Demand for Ukrainian Films and TV Shows Is Growing – And It's Not Just Zelenskyy's Sitcom |  PROInsight

A Ukrainian medic who became a nationwide folk hero known as “Taira” when the invasion passed along hours of body-cam footage to The Associated Press, which the smuggled the data card past several Russian checkpoints in a tampon.

Days later, Yuliia Paievska, founder of “Angels of Tayra” and one of the instant legends forged by Vladimir Putin’s invasion of Ukraine, disappeared – only to resurface in Russian custody, where she’s believed to be today.

But that harrowing footage is out for the world to see.

Paievska was given the high-quality body-worn camera to film a Netflix documentary on The Invictus Games, an international sporting event for wounded vets. But she turned it on when the invasion started, and just kept filming.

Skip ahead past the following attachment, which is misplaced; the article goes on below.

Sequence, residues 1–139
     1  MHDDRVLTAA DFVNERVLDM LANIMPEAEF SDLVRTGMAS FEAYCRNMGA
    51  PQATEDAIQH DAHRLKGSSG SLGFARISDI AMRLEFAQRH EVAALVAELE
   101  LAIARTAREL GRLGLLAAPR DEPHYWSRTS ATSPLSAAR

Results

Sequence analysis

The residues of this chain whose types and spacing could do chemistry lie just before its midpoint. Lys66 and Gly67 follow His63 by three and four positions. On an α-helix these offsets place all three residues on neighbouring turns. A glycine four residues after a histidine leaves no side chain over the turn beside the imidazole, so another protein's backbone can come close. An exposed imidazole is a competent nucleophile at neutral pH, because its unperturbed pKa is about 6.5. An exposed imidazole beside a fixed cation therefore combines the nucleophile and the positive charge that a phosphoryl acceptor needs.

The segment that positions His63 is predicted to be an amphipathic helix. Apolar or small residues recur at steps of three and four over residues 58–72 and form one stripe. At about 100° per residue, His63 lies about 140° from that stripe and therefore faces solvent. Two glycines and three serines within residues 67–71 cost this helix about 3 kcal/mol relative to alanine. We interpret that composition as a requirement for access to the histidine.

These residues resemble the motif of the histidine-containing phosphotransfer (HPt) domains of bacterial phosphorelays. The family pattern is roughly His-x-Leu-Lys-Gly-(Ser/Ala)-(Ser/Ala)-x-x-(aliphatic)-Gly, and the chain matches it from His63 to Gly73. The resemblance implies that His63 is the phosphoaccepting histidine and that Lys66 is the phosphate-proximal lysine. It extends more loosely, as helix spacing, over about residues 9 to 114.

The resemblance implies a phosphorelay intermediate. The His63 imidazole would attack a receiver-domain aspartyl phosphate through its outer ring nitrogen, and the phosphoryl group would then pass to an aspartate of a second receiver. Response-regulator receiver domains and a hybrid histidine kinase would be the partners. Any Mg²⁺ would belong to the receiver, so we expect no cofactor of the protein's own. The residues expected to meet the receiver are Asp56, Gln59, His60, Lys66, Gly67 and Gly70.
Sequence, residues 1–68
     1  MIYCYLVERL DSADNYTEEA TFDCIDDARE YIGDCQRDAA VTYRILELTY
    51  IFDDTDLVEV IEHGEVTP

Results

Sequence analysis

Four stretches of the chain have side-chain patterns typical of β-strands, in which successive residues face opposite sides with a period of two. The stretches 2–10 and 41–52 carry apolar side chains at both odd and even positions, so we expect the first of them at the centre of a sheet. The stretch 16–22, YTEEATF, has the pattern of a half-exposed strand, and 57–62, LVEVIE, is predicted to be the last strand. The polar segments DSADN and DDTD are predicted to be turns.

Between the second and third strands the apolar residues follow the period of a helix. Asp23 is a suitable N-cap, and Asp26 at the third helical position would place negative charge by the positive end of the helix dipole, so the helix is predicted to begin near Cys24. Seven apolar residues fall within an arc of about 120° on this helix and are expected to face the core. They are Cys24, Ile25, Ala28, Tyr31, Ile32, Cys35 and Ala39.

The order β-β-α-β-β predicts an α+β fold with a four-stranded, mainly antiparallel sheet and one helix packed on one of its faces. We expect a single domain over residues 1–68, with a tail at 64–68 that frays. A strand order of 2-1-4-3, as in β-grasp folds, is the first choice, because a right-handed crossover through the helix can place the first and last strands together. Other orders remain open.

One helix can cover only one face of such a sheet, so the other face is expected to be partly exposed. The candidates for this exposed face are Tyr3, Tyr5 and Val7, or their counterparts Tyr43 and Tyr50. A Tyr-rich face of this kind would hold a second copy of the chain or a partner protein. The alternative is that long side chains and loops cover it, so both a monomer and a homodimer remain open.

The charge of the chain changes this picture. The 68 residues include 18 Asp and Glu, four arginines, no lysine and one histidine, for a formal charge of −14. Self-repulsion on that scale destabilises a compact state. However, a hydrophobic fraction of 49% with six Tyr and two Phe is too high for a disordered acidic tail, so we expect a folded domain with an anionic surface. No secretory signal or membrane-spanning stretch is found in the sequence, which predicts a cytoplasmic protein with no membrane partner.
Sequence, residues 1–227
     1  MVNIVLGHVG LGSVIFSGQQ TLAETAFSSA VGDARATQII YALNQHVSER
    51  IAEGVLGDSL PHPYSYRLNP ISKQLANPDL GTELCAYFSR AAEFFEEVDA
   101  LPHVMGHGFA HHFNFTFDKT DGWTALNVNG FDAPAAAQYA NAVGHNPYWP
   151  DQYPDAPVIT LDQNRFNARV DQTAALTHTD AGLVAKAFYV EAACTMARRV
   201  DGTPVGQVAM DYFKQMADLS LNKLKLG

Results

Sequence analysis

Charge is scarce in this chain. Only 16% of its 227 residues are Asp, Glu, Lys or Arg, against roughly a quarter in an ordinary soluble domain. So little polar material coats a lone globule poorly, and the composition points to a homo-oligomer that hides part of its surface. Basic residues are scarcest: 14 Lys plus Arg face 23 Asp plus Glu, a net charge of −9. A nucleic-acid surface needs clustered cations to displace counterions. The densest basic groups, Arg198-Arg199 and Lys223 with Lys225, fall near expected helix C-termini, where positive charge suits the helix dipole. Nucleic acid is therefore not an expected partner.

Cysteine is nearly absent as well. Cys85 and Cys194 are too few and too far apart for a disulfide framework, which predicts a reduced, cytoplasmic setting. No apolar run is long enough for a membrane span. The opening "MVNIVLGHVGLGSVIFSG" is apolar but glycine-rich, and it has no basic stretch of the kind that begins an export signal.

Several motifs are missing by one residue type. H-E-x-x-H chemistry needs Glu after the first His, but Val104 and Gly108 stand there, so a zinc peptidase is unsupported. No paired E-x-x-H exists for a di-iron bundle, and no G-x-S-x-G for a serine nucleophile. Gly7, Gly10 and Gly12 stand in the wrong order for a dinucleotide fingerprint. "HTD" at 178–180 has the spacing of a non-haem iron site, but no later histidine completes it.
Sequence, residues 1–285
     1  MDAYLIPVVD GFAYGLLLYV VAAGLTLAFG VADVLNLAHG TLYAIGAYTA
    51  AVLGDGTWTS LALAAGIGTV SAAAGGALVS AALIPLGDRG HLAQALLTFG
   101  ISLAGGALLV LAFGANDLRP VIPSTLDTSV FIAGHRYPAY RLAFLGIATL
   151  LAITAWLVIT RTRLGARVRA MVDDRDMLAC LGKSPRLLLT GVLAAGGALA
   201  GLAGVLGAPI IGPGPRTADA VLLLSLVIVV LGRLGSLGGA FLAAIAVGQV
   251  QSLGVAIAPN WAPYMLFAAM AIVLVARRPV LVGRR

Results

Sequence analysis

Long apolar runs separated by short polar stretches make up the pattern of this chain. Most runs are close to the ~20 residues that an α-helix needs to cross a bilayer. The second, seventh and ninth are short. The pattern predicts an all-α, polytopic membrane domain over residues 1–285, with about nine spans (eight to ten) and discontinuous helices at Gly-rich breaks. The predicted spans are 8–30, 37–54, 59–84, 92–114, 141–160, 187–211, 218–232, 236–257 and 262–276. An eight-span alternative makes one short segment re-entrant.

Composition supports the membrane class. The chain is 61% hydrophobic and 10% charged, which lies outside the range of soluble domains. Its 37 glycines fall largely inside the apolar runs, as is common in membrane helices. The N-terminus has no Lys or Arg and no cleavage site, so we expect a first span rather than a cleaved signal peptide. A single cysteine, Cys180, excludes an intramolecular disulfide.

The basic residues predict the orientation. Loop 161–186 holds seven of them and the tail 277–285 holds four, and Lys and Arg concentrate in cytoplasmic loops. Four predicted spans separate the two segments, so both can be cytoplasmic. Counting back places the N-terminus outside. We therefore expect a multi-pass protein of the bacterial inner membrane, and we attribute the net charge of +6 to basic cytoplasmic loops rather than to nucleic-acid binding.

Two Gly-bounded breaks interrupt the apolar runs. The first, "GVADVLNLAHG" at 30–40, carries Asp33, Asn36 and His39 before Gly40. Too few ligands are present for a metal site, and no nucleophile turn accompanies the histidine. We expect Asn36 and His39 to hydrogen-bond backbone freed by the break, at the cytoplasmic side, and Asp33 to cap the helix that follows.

“Tayra” made a name for herself early in the war by treating anyone who needs it – even Russian soldiers. Her footage of her, released Friday by the AP, shows multiple scenes where she de-escalates her Ukrainian comrades’ aggression against them, and tells onlookers that she’s duty-bound to treat “prisoners of war” the same as anyone.

Besides jumping in to help triage victims of all stripes, Paievska was known for training the volunteer medical corps that staffed de facto field hospitals in the besieged city.

Not all of her efforts are successful. There are highly intense scenes of death and injury in the video, so watch with extreme discretion:

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